The Sony 14mm f/1.8 GM: How Good Is It and How Does It Compare to the Sigma 14mm?

Sony just announced a lens that will get landscape photographers and astrophotographers excited: the 14mm f/1.8 GM. Check out this review from Gerald Undone and find out how it compares to the Sigma 14mm f/1.8 DG HSM.

Sigma did an excellent job with its own 14mm f/1.8 for Sony cameras and how Sony has managed to improve on that is genuinely impressive. Admittedly, there’s no built-in MC-11 adaptation going on, which immediately brings down the size, but this lens is still surprisingly compact. Size is usually a huge factor when it comes to focus breathing, and yet, the Sony barely seems to pant, particularly considering other recent GM releases. In addition, distortion appears to be incredibly well controlled — again, something that seems to suffer when trying to keep a lens small and light.

It’s interesting to see how these two primes differ in their geometric rendering, seen when Gerald checks out the minimum focusing distance of each lens. The touch of extra barrel distortion in the Sigma makes objects appear closer, even though they’re slightly farther away, and creating some volumetric deformation in comparison.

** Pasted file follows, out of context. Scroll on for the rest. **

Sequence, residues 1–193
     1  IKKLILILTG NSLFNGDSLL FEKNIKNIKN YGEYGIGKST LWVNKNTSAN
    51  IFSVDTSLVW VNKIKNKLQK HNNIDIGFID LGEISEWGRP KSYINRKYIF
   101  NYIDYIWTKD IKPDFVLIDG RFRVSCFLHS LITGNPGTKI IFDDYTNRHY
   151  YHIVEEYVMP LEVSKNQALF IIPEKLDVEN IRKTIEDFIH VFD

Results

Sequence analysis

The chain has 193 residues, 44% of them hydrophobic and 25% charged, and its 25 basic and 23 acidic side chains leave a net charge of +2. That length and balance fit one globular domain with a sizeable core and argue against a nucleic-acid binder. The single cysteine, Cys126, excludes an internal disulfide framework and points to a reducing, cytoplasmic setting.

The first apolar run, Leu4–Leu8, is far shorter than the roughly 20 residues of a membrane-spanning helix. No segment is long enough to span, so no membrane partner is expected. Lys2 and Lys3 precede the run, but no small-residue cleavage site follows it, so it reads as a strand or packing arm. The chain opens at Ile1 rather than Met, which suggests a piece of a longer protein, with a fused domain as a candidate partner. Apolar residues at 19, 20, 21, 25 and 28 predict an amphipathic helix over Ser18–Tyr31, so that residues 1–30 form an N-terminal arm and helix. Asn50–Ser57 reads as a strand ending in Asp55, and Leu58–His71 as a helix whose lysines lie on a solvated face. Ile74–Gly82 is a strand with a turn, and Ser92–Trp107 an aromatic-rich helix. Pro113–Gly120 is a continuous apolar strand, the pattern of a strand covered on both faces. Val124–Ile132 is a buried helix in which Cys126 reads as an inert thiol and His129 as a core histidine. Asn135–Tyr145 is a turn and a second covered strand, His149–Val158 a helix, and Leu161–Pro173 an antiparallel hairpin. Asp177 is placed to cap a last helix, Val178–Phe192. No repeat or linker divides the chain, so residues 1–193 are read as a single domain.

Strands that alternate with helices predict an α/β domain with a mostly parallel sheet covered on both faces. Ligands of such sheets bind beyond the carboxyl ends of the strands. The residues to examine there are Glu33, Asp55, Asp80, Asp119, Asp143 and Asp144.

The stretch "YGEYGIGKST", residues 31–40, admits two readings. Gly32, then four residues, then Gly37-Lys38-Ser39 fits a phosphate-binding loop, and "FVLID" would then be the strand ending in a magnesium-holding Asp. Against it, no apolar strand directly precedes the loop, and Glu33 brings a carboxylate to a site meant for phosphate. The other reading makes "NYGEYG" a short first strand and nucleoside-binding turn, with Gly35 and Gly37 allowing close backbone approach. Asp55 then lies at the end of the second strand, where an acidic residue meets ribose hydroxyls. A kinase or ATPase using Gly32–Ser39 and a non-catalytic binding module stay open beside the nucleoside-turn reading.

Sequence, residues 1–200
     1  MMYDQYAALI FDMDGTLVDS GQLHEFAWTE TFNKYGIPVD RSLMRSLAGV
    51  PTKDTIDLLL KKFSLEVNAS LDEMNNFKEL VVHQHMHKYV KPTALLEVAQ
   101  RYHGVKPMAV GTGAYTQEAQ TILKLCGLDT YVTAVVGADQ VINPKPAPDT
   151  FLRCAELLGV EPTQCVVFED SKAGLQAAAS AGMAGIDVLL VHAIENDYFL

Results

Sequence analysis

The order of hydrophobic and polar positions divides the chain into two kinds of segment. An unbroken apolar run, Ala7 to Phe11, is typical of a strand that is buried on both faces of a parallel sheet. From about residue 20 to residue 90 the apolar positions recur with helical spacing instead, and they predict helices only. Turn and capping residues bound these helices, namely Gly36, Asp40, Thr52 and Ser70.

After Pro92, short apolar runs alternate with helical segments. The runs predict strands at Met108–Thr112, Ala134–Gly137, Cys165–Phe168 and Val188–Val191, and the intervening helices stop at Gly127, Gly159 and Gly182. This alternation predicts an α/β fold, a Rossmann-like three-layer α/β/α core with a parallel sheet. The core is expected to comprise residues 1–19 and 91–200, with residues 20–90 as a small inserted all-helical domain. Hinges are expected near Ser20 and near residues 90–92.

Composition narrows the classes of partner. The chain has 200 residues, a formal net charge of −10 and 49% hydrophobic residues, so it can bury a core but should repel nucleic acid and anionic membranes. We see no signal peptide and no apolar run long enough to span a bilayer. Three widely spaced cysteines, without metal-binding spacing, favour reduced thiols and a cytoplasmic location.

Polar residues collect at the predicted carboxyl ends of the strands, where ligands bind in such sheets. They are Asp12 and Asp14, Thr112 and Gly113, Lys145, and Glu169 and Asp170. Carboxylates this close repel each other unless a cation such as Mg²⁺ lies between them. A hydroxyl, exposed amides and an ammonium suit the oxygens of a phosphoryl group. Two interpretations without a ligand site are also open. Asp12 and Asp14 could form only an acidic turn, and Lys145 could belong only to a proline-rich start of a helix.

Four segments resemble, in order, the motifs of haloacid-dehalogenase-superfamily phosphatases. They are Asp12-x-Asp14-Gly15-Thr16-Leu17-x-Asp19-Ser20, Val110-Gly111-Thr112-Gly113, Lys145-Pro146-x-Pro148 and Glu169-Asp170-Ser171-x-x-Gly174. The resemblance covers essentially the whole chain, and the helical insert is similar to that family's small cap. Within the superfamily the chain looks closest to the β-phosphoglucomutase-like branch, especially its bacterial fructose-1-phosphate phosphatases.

Gerald mentions that the sweet spot for sharpness is between f/2.8 and f/4, but keep in mind that this may be different when focusing at infinity. The relative distances of the corner of the frame to the sensor and the center of the frame to the sensor are more pronounced with wide angle lenses, and this becomes less of a factor when the part of the image that is in focus is farther away. What would be interesting is to see some tests into the field curvature of this lens to see if there's any mid-frame softness — something that will be of particular interest to landscape photographers.

Are you impressed with what Sony seems to have achieved with this lens? Let us know what you think in the comments below.

Andy Day's picture

Andy Day is a British photographer and writer living in France. He began photographing parkour in 2003 and has been doing weird things in the city and elsewhere ever since. He's addicted to climbing and owns a fairly useless dog. He has an MA in Sociology & Photography which often makes him ponder what all of this really means.

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